White Sox

The pains of the White Sox rebuild: While team of the future develops, team of the present blown out

The pains of the White Sox rebuild: While team of the future develops, team of the present blown out

Mama said there’d be days like this.

In the middle of the rebuild, it’s hard to call an embarrassing blowout loss unexpected. These types of things are going to happen while the team of the future develops down in the minor leagues.

But anyone who was inside Guaranteed Rate Field on Sunday afternoon or watching from home saw just how low the lows can get while that plan plays out.

Derek Holland gave up seven runs and left before an out was recorded in the third inning. The visiting Kansas City Royals poured seven more runs on the White Sox bullpen over the course of another South Side marathon. Errors and mental mistakes were made in the field. And the prized prospect who’s supposed to be the star of the team when the rebuild reaches its apex, he struck out for the 30th and 31st times in his last 19 games.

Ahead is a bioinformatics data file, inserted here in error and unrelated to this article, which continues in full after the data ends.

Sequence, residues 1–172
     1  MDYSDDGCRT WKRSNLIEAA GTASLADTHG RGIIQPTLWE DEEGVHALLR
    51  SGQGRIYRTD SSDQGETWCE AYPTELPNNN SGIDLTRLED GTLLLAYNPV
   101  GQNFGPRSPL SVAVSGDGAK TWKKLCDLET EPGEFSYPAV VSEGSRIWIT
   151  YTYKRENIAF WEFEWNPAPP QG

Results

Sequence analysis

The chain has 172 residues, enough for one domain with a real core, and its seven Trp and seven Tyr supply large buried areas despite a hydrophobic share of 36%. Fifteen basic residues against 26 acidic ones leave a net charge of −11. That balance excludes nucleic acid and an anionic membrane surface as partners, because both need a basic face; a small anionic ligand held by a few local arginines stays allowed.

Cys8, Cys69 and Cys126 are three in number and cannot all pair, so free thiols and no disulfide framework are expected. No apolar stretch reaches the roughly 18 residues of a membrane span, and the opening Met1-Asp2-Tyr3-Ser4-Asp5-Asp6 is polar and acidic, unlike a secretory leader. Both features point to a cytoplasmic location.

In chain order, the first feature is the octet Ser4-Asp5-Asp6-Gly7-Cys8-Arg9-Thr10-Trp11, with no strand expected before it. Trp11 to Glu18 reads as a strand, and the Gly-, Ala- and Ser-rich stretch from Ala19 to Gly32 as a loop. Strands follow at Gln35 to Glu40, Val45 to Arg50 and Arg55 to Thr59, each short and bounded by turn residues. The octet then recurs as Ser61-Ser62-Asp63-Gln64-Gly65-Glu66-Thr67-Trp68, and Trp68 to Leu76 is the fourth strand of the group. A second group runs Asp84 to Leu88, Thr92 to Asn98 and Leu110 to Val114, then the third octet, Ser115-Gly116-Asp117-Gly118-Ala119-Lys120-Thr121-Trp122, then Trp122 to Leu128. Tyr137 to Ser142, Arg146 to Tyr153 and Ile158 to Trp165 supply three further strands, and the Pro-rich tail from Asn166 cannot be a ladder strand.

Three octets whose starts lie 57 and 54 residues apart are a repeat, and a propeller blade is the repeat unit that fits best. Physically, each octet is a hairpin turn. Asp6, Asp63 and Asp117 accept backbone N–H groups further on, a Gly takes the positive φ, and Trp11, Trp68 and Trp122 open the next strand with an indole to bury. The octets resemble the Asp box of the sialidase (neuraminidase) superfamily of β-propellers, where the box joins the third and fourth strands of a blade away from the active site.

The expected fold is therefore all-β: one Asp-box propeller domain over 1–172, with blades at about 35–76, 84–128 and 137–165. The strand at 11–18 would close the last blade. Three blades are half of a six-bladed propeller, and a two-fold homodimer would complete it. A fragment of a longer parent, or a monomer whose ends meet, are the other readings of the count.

The White Sox aren’t yet at the point when every loss stings the fan base. It’s the middle of August in a last-place season. Heck, losses are even helping the team reach some fans’ goal of the White Sox getting the No. 1 pick in next spring’s draft.

But this one was a stinker. As exciting as it might be to project out the 2020 lineup and follow along with box scores from Charlotte and Winston-Salem, games like this show the most difficult aspects of a rebuild.

“In terms of mistakes, today and yesterday we had some things that didn’t go well and that doesn’t play well or doesn’t look well and we don’t want those things to occur,” manager Rick Renteria said after the game. “But you continue to address them as need be and deal with them. I think as we continue to move along, hopefully they continue to be fewer and far between. But is it to be expected that they might make mistakes like some that have occurred? Yes.”